September 2002 Newsletter from
"On This Date in North American Indian History"
by Phil Konstantin
Copyright Phil Konstantin (1996-2002)

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September 2002 Newsletter - Part 2    Phil Konstantin  
  Sep 18, 2002 10:00 PDT   


I thought I would pass along a couple of things. One is about the BIA. 
There is also a review on my book.


Tuesday, Sept. 17, 2002
Interior Secretary Held in Contempt

WASHINGTON (AP) - A federal judge Tuesday held Interior Secretary Gale
Norton in contempt for failing to heed his order to fix oversight 
problems with a trust handling hundreds of millions of dollars in 
royalties from Indian land.

U.S. District Judge Royce Lamberth called the department's handling of   
the Indian money and the action of government attorneys in the case 
disgraceful, and found four specific instances where the department 
committed fraud on the court.

Norton said the ruling applies more to events that took place prior to 
the Bush administration, and that she has devoted more energy to fixing 
the management of Indian money than any other project.

Speaking in Phoenix at an Indian economic development event, she said 
she is considering appealing the ruling.

Norton is the third Cabinet officer that Lamberth has held in contempt 
over the trust fund. Former President Clinton's Interior Secretary Bruce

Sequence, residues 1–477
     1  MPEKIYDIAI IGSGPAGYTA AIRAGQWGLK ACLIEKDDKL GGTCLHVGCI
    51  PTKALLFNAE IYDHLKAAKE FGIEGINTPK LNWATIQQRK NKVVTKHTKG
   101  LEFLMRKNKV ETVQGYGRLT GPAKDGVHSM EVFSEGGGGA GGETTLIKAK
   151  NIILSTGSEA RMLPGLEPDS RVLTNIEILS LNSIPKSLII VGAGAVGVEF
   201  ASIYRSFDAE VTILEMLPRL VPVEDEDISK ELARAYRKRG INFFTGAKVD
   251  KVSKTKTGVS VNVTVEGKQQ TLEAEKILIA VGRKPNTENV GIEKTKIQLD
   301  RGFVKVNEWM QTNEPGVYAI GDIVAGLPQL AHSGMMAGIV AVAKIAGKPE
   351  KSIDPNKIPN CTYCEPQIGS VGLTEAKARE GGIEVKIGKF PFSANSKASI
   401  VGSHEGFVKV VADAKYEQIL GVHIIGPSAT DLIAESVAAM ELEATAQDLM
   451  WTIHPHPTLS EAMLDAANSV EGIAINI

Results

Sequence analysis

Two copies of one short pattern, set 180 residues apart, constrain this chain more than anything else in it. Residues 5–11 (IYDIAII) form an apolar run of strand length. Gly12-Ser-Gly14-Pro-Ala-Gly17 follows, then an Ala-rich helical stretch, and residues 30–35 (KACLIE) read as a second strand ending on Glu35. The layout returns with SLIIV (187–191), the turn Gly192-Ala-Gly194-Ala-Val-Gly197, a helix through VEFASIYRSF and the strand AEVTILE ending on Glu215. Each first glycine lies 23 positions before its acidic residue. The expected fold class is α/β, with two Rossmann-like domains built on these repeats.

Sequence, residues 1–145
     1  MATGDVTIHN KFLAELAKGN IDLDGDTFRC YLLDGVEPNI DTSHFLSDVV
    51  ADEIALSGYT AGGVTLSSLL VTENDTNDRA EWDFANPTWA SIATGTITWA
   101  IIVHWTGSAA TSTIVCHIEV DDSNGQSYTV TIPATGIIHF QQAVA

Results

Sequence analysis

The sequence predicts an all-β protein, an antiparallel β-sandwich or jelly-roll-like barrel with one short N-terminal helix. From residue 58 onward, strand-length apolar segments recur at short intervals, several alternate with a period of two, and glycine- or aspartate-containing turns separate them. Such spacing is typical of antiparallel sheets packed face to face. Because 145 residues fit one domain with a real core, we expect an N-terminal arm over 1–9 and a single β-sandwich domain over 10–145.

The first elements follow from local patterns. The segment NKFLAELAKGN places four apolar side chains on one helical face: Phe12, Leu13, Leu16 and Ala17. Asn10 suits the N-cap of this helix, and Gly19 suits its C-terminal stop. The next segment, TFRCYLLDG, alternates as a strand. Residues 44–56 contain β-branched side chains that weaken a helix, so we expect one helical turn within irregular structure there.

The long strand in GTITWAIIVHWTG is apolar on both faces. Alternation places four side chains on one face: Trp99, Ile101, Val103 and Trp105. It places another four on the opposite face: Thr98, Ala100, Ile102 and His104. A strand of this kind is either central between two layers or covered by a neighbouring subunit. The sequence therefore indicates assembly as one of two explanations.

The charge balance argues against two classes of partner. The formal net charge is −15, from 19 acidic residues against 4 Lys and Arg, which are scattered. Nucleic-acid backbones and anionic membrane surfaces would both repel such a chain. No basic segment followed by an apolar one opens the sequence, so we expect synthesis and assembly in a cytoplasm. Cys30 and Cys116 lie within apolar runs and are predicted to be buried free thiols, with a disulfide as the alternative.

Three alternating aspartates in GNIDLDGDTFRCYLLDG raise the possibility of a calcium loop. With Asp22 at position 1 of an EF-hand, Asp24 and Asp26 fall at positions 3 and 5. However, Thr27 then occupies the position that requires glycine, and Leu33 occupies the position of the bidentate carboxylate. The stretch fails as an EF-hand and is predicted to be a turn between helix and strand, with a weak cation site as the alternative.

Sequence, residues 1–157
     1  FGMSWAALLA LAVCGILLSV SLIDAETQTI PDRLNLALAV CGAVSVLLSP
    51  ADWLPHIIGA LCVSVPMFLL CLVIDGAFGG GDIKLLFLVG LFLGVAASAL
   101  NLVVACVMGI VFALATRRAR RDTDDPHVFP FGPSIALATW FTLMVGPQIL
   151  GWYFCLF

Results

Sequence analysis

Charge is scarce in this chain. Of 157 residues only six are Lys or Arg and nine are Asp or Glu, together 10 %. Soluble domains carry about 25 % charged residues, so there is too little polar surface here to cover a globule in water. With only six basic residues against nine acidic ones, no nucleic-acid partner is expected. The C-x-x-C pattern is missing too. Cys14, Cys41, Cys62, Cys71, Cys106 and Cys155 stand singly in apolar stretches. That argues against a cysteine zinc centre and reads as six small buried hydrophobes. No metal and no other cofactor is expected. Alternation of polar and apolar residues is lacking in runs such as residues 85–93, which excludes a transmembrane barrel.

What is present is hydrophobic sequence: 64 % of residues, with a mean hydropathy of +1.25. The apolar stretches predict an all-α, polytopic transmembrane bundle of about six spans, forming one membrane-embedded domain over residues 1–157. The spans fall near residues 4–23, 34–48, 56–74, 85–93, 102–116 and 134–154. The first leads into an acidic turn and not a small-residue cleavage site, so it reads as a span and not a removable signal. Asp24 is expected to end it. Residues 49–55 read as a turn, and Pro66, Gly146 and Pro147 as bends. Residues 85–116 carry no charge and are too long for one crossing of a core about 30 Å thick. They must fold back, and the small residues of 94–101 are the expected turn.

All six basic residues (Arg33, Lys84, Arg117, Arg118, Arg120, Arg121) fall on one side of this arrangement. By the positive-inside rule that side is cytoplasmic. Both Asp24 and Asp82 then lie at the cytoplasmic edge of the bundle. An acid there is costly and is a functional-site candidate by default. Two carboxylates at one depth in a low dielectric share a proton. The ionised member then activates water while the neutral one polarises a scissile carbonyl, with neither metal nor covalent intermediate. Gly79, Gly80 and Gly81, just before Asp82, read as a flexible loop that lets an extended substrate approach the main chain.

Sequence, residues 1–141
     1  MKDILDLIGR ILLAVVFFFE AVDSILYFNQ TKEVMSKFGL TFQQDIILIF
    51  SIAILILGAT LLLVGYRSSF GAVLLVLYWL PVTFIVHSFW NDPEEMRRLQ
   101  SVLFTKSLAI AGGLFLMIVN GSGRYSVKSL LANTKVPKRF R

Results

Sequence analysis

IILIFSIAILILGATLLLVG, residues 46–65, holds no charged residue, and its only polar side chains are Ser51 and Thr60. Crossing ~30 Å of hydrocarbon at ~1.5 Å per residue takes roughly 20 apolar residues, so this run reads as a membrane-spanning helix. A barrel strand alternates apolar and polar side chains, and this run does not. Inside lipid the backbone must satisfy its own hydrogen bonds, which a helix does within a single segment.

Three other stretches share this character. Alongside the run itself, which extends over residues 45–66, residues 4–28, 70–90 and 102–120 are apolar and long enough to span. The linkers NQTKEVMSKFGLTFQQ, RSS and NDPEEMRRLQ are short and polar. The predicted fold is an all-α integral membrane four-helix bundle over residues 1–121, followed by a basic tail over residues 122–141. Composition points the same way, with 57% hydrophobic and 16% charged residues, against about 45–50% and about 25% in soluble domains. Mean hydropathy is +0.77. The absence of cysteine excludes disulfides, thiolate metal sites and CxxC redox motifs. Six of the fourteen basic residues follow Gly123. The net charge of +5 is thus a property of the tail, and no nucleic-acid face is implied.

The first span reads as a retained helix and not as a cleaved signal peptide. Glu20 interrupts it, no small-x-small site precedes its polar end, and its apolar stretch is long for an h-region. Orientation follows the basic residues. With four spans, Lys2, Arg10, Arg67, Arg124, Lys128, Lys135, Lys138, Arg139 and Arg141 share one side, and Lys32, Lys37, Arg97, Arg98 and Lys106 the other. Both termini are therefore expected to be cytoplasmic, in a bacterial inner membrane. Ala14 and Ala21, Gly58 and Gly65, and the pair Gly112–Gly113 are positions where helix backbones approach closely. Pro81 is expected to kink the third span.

Babbitt and Treasury Secretary Robert Rubin were held in contempt in the 
case in 1999.

The government has acknowledged major problems with the trust fund. The 
Interior Department has spent more than $600 million since 1996 to 
comply with instructions from both Congress and Lamberth, but accounting 
problems persist.

In December the judge shut down most of the Interior Department's 
Internet connections because he said the agency could not ensure hackers 
wouldn't break in and steal money.

During a 29-day trial that ended in late February, Norton asked Lamberth 
for more time to make fixes. Lamberth was unmoved. On several occasions 
during the trial and since it concluded, he scolded Interior officials 
for foot-dragging and failure to comply with his orders.

In a 267-page opinion, the judge said the Interior Department not only 
failed to comply with his order to account for the money in the Indian 
accounts, but lied to the court about its efforts to repair the trust 
and protect Indian money.

``The agency has indisputably proven to the court, Congress, and the